Migrating to a new domain or new URLs
If you are planning to change your website domain, or change the path for file names, you will want to carefully consider the impact to your SEO rankings. The “history” and age of a page are important for SEO. Web sites and web pages that are well established have more trust, have had time to be fully crawled and indexed, and also collect inbound links that significantly help rankings. If you change the website or page name, then you will likely take a big hit in your SEO rankings, and it will take time to recover (often lots of time!).
So does this mean you have to keep the same domain or path/page names forever? Fortunately, you don’t. There are ways to change your URLs and transfer your SEO history to the new names. The secret here is the effective use of HTTP 301 redirects.
A 301 redirect tells the search engine that a page (or website) has been permanently moved to another location. If you put in place 301 redirects for all of your old URLs to the new equivalent, it will tell search engines the old URL is being retired, and they should treat the new URL as the new name. Thus the search engines will start treating the new URL as the actual page, and work to replace instances of the old URL with the new one in their index. They will also treat links to the old URL as being links to the new one, thus preserving your hard-earned link popularity.
When you change a URL and use 301 redirects, you will typically recover most if not all of the SEO rankings you had previously, though it will still take a little time. Even with 301 redirects, it can take a few weeks for the search engine to discover all the new URLs and work them into the index, replacing the old. This could be longer for sites with low trust (new site or low page rank), or for sites with thousands of pages. If you have improved your URLs, such as a domain name that now contains keywords, or path/file names that don’t have parameters (all that ?name=value stuff), or added keywords to your path/file names, then you will likely improve rankings over the long term.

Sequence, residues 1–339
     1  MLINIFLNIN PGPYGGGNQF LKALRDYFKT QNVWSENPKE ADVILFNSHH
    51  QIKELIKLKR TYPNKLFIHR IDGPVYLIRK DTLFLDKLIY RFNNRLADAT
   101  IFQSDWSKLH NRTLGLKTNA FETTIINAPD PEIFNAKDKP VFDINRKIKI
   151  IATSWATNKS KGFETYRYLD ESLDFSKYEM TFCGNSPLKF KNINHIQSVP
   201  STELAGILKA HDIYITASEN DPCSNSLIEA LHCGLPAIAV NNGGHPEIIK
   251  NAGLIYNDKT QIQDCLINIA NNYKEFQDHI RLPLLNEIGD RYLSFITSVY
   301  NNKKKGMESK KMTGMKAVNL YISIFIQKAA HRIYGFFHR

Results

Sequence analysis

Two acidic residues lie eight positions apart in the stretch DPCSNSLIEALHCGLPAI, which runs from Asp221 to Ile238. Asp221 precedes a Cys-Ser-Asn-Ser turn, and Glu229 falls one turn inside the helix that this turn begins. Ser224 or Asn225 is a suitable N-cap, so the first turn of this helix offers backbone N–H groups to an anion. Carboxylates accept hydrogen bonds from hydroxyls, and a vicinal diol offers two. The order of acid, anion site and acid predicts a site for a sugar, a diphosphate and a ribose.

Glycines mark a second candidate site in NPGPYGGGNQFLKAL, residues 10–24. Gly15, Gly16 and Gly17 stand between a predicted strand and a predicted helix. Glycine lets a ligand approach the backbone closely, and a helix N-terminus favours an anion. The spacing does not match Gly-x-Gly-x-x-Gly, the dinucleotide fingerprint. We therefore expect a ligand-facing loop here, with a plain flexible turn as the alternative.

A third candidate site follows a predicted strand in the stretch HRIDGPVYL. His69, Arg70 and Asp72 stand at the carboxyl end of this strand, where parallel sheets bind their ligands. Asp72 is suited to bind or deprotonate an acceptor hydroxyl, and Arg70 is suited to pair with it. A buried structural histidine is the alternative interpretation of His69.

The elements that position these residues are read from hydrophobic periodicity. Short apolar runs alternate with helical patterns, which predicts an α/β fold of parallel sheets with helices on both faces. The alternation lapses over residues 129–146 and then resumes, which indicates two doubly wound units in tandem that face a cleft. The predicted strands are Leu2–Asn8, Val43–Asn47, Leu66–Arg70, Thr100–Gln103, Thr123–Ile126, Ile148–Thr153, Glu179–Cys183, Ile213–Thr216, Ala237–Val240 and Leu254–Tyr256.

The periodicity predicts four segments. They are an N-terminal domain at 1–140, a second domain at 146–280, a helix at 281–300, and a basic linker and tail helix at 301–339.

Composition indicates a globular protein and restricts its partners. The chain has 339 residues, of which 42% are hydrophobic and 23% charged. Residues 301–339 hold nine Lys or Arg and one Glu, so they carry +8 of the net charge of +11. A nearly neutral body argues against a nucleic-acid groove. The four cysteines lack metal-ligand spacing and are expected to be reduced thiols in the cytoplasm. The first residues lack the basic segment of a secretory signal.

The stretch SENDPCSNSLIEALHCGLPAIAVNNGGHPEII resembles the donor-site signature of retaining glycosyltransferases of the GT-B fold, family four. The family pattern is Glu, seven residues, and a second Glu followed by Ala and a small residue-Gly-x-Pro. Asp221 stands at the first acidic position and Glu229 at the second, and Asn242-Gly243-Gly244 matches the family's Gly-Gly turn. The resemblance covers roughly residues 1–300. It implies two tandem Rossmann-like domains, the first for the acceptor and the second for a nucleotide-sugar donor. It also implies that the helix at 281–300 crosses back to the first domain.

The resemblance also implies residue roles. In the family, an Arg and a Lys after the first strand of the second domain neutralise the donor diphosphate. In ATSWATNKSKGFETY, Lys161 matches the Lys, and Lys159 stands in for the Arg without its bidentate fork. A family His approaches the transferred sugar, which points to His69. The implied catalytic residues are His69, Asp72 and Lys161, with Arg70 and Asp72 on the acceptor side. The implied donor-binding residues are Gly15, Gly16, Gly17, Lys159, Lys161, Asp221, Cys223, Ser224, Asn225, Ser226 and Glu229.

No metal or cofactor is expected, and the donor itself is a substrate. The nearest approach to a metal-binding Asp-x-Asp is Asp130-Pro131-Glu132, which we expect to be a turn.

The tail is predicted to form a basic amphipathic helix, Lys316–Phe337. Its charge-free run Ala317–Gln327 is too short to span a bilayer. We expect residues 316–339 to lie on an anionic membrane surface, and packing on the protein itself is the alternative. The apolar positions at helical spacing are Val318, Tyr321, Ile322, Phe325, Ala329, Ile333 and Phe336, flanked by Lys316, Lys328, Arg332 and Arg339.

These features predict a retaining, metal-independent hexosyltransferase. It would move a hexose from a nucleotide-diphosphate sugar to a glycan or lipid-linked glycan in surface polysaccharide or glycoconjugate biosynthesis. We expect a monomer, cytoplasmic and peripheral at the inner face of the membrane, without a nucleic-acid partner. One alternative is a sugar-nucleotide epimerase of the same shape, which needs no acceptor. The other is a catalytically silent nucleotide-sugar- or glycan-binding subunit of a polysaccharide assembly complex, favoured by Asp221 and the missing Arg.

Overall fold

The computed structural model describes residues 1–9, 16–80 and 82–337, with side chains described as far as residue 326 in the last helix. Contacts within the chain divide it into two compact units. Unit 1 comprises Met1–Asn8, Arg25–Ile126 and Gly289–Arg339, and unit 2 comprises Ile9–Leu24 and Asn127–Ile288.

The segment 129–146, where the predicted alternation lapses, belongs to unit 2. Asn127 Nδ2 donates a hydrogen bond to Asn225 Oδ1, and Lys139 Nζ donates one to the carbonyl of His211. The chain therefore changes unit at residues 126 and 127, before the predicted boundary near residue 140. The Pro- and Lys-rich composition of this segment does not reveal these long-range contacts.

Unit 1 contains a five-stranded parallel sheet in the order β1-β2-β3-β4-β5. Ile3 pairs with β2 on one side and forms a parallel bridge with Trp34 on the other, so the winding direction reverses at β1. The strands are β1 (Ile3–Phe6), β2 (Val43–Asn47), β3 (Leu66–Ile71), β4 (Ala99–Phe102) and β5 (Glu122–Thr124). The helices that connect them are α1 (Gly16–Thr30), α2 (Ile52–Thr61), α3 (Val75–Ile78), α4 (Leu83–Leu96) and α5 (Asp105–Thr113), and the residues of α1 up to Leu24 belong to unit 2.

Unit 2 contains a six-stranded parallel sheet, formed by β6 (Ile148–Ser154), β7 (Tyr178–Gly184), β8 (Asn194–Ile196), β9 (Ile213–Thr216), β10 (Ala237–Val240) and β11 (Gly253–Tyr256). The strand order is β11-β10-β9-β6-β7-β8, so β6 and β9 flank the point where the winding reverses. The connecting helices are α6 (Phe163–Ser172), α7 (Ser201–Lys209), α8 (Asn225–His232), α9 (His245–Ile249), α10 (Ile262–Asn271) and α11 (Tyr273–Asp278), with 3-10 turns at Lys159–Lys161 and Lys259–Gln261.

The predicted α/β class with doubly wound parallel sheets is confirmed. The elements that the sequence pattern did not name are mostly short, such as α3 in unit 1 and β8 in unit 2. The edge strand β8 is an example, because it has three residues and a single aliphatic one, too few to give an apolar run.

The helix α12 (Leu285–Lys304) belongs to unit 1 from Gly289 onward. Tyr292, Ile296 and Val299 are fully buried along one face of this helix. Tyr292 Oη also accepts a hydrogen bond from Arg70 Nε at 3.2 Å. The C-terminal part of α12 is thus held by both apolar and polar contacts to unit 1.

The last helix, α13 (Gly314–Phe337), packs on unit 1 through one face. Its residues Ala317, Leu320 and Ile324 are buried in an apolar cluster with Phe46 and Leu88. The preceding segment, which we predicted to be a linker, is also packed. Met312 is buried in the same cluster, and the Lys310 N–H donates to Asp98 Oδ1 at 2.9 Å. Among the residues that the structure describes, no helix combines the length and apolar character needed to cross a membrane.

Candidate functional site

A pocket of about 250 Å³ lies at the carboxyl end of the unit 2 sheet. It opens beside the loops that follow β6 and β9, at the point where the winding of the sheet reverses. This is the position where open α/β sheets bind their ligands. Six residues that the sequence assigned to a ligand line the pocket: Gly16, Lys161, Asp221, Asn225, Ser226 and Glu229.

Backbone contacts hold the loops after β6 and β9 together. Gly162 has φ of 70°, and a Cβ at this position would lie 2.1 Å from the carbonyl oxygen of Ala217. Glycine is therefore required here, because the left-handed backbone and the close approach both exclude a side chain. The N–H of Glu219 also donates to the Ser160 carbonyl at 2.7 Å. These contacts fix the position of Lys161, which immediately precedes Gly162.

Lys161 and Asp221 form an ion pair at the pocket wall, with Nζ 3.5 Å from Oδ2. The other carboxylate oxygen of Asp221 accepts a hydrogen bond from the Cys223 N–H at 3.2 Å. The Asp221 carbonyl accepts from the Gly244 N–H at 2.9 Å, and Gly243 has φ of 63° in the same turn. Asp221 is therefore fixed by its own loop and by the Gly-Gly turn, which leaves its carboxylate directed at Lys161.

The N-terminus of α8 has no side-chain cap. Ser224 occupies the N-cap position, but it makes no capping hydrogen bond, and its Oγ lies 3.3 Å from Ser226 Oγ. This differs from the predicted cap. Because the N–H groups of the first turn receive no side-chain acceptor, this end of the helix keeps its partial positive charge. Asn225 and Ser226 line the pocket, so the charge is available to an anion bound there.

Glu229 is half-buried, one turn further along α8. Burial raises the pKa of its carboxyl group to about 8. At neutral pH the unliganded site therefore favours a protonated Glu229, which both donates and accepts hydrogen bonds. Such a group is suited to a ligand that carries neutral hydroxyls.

When you change URLs (domain name, path name or file name), make sure you do the following:
- Change all instances of the old URLs in your site to the new ones. Don’t rely on the 301 redirects for your internal migration — that will look sloppy to the search engines.
- Use an HTTP 301 redirect from all old URLs to all new ones.
- Review your external links and ask prominent sites to use the new URL. Even though the 301 redirects will do most of the work for you, you still want to be collecting those direct links. You can find most of your external links by using the linkdomain:www.mydomain.com command at search.yahoo.com.
- Always use the same capitalization for a URL for all references (new or old). For example, don’t use www.mydomain.com/ThisPage.html mixed with www.mydomain.com/thispage.html. To a search engine, those are two different pages.
If you have hundreds of URLs to migrate, you will want to automate the migration somehow. One technique is to use a 404 not-found page handler, which is a page or script that the web server will load when a page is not found. If you can do scripting within your 404 not-found page, you can look up the inbound URL in a table and find the new URL, and then issue a 301 redirect from the page script. This is easy to do with PHP, ASP, JSP and virtually any scripting language. With this approach, you just need a table of old/new URLs that can be read by the script. If you can create an algorithm for mapping old to new URLs (e.g., just replacing parts of the old URL), then the script could be coded to do that as well.
The bottom line here is that with a little work, you can migrate to a new domain or page names, and still preserve most or all of your SEO successes. You will see a dip during the migration, but with the proper techniques it should be temporary.